The U.S. Senate has passed a compromise bill allowing a federal court to review a controversial foul call that determined the March 11 Big East basketball conference tournament game between West Virginia and Villanova.
President Bush has cancelled his vacation to return to Washington and sign the bill into law. The White House released a statement that read in part: "In cases like this one, where there are serious questions and substantial doubts, our society, our laws, and our courts should have a presumption in favor of letting the players play. Particularly in the last two minutes."
The disputed foul was against Villanova guard Allan Ray, who was called for allegedly pushing West Virginia's Mike Gansey in the back on the way up to the rim. The foul was called with 0.2 seconds remaining on the clock. Gansey sank two free throws to win the game.
The passage of the bill was hailed by House Majority Leader Tom DeLay, who had guided it through emergency procedures in the lower chamber. "After four days of words, the best of them uttered in prayer, Congress has acted, and a league title may have been saved. Democrats and Republicans, congressmen and senators all deserve respect and gratitude for their commitment to giving the Wildcats the chance we all deserve."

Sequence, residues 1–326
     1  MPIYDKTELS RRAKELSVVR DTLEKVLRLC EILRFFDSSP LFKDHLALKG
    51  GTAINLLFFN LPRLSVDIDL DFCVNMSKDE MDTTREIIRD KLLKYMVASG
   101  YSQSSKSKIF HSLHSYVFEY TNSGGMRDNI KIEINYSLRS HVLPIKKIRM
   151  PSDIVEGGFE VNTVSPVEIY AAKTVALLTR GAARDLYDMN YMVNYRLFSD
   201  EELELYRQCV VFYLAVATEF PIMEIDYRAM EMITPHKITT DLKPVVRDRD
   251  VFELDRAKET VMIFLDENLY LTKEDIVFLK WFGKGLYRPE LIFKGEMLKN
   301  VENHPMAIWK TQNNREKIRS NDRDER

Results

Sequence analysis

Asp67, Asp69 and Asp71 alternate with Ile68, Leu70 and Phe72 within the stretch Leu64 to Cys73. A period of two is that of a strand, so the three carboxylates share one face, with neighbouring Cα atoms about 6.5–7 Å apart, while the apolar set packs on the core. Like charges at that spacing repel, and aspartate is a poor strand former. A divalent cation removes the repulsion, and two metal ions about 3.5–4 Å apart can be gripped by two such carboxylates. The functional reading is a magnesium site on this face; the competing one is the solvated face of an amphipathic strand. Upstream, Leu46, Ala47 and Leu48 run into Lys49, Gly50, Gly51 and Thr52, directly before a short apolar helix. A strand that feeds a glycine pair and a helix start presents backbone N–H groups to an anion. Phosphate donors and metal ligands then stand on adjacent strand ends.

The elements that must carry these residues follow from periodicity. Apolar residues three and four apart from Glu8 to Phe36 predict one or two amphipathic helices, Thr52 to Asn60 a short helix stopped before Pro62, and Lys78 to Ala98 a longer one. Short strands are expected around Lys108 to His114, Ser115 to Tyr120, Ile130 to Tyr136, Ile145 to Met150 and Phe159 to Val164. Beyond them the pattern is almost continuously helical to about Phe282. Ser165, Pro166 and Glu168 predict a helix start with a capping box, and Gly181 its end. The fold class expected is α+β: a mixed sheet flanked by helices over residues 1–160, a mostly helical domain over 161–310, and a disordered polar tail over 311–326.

Congressman Earl Blumenauer of Portland immediately flew back to Portland to be interviewed on the subject for City Commissioner Randy Leonard's radio program, Sparky and Me. Speaking over a double tall nonfat decaf mocha latte, Blumenauer said the new law's language was "so broad and sweeping that it would call into question every traveling call and three seconds in the lane."
Villanova fans immediately set up camp outside the federal courthouse in Philadelphia, where the latest appeal is expected to be heard. One of those keeping vigil, Bob Herndon of Chester, Pa., called the ruling "a clear-cut case of referee tyranny. Ray-Ray might have gotten his hand caught on the guy's shirt a little, but that's not a foul."
In West Virginia, Mountaineer boosters deplored the congressional action. "We don't want politicians deciding our fate," said Hector Haggard, a season ticket holder. "We already have instant replay and the possession arrow. Who's next, America? Your kid's soccer team?"
Marty Seward, a former junior varsity reserve for West Virginia, agreed. "These guys in Washington, D.C. don't care what happens to Villanova in basketball. They're just using this to draw attention away from the deficit and the war."
A spokesman for the Vatican expressed strong support for the new court review of the call. "The Pope has recently made himself very clear on this issue," said Cardinal Vito Sorrentino. "You must respect the sanctity of the rebounder at the end of the game, even if he is going over the back. 'The letter of the law killeth, but the spirit giveth life.' We must put an end to the culture of stopping play whenever it is convenient." Villanova is a Catholic school.
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» Emergency appeal for a basketball game from JohnHays.net
After all. It's only fair.
Jack Bog, being a law professor and all, has the latest news about the emergency appeal concerning the game betweet West Virginia and Villanova.
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